Etiquette For Disposing of Incontinence Products


Being faced with incontinence is a medical issue that thousands of people are faced with. Though it affects the elderly in the highest percentage, this problem can affect a person at any stage of life. It can be the result of surgery, bowel issues, and other contributing factors such as cancer and radiation. In the past, managing this problem of bowel incontinence meant living in seclusion or wearing a bulky, embarrassing diaper in public. However, as new products are developed, many afflicted individuals are able to live active, normal lives while handling their problem with discretion, which includes the disposal of the used products.

With this introduction of new products came a corresponding need for proper disposal methods. Having used adult diapers lying around in trash receptacles is not appealing, to the eye or nose. Therefore, a new need was introduced to those suffering this condition. Diaper pails can be used for adult incontinence as well as baby diapers. By sealing the used product within the unit, the odor is contained and the lid closes automatically to ensure all previous issues of indiscretion are a thing of the past. The reason these products work so well is because they are specifically designed to handle the problems, including odor control, that adult fecal incontinence cause.

There are certain rules of etiquette that should be observed when disposing of an adult incontinence product. This is not only for the afflicted person’s dignity, but also the well-being of others. In addition to causing unpleasant odors, used incontinence products can be a breeding ground for bacteria. Follow these steps to dispose of an incontinence product properly whether at home or on the go:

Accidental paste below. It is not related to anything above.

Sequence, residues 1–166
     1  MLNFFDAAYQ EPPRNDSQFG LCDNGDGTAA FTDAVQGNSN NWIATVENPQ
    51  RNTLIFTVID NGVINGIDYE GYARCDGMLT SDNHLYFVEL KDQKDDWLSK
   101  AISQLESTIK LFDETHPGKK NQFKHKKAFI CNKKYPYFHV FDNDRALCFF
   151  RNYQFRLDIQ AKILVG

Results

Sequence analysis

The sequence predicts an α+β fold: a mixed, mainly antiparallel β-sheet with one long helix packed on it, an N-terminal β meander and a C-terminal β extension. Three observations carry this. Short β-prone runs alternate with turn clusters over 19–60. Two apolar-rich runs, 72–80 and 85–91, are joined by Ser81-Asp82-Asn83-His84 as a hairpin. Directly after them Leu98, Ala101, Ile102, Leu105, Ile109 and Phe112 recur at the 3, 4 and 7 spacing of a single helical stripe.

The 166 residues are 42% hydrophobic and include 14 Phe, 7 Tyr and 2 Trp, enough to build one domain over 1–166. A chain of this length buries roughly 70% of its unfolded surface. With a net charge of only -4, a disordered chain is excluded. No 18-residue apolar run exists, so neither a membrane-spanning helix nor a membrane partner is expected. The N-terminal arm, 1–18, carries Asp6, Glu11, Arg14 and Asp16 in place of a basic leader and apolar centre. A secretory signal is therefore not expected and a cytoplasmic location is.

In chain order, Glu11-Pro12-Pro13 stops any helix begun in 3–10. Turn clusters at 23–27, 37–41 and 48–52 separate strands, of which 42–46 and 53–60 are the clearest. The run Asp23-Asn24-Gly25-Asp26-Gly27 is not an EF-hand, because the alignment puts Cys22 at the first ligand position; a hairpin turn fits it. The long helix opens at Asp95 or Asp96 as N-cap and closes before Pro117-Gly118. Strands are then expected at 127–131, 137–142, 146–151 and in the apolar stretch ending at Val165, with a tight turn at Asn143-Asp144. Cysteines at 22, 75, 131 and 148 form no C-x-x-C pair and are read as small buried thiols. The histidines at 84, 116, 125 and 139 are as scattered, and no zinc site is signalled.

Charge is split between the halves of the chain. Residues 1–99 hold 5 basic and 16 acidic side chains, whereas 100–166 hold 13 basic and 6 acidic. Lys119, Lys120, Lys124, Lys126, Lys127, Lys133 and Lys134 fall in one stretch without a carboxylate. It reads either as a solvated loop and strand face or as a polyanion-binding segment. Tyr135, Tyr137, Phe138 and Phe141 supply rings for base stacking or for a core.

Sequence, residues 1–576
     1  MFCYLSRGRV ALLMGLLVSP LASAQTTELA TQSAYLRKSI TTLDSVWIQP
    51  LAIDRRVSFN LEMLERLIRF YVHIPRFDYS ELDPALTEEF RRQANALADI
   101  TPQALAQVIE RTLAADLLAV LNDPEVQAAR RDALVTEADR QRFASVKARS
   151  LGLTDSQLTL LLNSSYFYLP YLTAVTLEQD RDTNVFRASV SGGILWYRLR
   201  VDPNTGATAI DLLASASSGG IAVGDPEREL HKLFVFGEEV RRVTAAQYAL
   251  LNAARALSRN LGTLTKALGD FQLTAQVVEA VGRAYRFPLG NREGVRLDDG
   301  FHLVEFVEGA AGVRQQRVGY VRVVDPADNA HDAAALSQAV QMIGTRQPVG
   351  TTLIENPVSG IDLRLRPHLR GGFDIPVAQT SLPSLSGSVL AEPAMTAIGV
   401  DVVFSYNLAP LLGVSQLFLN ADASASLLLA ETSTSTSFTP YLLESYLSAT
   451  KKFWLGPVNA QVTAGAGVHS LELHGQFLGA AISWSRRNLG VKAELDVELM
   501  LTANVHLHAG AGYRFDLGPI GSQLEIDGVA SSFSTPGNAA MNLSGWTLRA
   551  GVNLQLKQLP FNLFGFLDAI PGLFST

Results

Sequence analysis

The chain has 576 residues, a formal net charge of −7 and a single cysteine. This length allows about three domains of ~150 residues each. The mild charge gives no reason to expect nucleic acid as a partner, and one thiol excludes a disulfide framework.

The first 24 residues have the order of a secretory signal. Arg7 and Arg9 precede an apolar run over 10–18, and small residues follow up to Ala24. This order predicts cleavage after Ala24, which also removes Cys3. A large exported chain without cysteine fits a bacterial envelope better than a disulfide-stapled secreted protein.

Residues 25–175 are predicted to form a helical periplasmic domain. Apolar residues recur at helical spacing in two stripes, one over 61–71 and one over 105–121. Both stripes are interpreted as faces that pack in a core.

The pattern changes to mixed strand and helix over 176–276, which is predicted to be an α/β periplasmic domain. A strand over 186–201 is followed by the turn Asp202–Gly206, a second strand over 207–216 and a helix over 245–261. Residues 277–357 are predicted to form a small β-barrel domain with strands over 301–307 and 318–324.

3 Rules of Etiquette


Rule 1: Do not use public trash cans, unless you have a disposable bag such as Heaven Scent or Fresh Saks, to seal the product in prior to disposal. Using these bags will ensure the product is sealed and will not emit an unpleasant odor. Additionally, these bags are useful tools when a trash receptacle is not available.

Rule 2: Use incontinence products that are made to be easily changed while out and about. There are many brands of both adult diapers and briefs that are designed to be changed without having to completely disrobe.

Step 3: Invest in an diaper pail for use at home. These are useful tools that can be appealing for those who suffer mild or severe cases of incontinence. These diaper pails enable you to ensure that sanitary conditions remain in your home. Also, by eliminating the odor you can let the container completely fill to capacity prior to having to change the liner. This makes for more efficient disposal as well as the superior sanitary benefits and eliminates multiple trips to the garbage can each day.

No matter if you suffer from incontinence, or provide care for someone who does, you want to ensure the supplies that you have are high-quality and made to provide discreet protection. There is nothing more embarrassing for a person with incontinence than a foul odor or ineffective product. With the diaper pail, you can dispose of the products in a receptacle that resembles a traditional trash can. This means it can be placed in any area in the house, even in plain view, and not be a source of embarrassment. It can even be used as a traditional trash can if you wish. The benefits of this product are definitely worth the small investment.




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About The CareGiver Partnership. The CareGiver Partnership helps caregivers and their loved ones with answers to their caregiving questions, including information about home health care products and supplies, from our Wisconsin-based team of Product Specialists who are all current or former caregivers. The company’s Web site provides the largest online library of resources on subjects most important to caregivers — from arthritis to assisted living, and Parkinson’s to prostate cancer — as well as access to more than 3,000 home care products for incontinence, skin care, mobility, home safety and daily living aids. The CareGiver Partnership was founded in 2004 by Lynn Wilson of Neenah, Wisc. Visit http://www.caregiverpartnership.com to learn more or call 1-800-985-1353.





1 comments:

IT Disposal said...

Thanks for sharing great information to save our environment.

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